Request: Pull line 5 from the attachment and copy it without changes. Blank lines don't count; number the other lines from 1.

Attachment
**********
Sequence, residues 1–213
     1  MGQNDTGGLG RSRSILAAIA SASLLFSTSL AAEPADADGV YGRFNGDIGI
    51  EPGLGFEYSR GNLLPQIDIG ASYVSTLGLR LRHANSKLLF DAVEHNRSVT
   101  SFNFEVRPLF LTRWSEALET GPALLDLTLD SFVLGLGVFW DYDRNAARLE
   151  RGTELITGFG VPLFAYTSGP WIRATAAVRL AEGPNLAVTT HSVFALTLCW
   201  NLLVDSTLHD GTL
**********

   151  RGTELITGFG VPLFAYTSGP WIRATAAVRL AEGPNLAVTT HSVFALTLCW